Logistical Logjam

COVID-19 has created havoc around the world; not to mention all the death and illness in its wake. At GDM, we are very fortunate that we have all remained healthy and the pandemic has had no negative effect on sales. Our manufacturing partners have had relatively few production delays although they have seen manufacturing costs and ingredient costs increase substantially. This, of course, has resulted in price increases in early 2021. We are hoping that we can avoid further price increases later this year.

Where we have seen the greatest influence of COVID-19 is on logistics. We see it both domestically and internationally. Prior to the pandemic, it would take a week to ten days to book a container; sometimes less time. Now, Junior is fortunate if she can book a container in less than three weeks. But then she has to hope that a container will actually be available with a truck and a driver.

Americans, like people around the world, have been in some form of lockdown or reduced social activities for a year now. When the going gets tough, Americans go shopping.  Online purchases in the US are at record highs and that means more and more imports, especially from China. There are lines of ships outside ports around the world as ships wait for a space to dock. There are also trucking delays as the demand for trucks is so high. Bottlenecks everywhere.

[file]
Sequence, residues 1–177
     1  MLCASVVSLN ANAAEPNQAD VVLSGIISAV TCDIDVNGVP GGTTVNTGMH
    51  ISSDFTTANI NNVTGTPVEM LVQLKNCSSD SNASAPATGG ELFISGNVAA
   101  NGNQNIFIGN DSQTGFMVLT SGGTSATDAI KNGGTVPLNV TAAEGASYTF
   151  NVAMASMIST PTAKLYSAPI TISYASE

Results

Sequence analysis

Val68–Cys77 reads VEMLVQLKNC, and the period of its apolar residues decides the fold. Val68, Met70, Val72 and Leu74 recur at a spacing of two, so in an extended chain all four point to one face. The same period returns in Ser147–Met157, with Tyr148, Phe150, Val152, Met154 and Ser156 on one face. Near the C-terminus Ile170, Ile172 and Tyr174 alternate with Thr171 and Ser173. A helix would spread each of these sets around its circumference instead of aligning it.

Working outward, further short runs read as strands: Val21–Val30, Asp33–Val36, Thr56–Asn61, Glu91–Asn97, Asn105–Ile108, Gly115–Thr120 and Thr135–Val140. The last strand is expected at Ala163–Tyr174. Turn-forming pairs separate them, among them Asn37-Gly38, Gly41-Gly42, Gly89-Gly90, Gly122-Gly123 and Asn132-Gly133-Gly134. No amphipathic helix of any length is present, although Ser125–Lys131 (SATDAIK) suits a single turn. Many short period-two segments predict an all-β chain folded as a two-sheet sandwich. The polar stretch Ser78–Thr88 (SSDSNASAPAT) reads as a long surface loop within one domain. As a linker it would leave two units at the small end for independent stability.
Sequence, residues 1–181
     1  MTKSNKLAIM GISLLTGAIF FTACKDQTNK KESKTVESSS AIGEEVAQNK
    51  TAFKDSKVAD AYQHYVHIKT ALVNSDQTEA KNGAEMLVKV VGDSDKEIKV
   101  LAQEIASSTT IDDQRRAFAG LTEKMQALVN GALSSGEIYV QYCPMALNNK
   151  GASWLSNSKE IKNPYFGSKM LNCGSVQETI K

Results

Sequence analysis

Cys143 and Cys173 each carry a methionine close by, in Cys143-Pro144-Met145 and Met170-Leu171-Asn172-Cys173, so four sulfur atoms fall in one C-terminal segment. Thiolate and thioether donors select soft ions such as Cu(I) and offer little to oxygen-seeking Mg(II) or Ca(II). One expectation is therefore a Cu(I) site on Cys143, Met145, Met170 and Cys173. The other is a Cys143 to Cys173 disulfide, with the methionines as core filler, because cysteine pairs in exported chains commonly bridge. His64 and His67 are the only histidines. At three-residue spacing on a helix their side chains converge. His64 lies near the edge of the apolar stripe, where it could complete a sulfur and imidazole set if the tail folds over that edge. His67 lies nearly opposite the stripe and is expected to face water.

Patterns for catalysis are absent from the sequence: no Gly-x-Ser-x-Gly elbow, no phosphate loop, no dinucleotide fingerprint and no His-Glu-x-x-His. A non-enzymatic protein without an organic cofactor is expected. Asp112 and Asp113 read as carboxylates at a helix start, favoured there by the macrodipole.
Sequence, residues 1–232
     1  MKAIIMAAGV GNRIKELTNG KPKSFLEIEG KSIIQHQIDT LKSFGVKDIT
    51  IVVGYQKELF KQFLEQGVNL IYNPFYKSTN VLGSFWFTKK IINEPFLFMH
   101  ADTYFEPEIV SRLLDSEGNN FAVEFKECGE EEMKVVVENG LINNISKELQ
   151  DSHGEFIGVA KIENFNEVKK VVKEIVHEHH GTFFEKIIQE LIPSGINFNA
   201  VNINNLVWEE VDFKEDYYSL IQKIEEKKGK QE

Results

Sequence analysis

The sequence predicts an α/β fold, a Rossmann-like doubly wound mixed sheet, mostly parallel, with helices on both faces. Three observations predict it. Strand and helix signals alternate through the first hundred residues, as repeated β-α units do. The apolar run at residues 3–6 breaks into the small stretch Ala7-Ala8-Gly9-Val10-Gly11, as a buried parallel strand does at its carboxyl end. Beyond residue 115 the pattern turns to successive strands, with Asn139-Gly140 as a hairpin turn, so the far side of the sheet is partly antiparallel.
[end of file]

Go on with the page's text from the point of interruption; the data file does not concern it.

And, of course, we hear the horror stories. Containers sitting at the port for a month or more waiting for space on a ship. Orders sitting in a warehouse for two months waiting for containers. It is now faster to ship to Asia off the US East Coast than to ship by rail to the West Coast. In fact, some of the ships that are leaving from the East Coast for Asia no longer even call on West Coast ports due to the congestion there. Junior has to stay nimble and creative. And we also must give credit to the forwarders she works with for the information they provide and the suggestions they have to get containers shipped. 

We are making decisions that we never made in the past. If we have a booking and the order is not complete, ship what is available! If you wait, you may wait another three weeks. Freight rates? Not something we worry too much about now. Whatever the ocean rate is, it is less than air freight. If the rate is competitive (meaning low), that container may not move as the steamship lines have more profitable opportunities and very limited space on their ships.

As I often say, when steamship lines are losing money, no one offers to pay more for freight. By the same token, when steamship lines have the upper hand, they will charge more, and they should. Today, steamship lines have the upper hand, and we need to recognize that and accept it. Things will eventually go back to “normal.” In the meantime, we all need to be flexible, patient, and just a little cleverer than the competition. Afterall, we are all in the same boat.

Posted in Pet Peeves.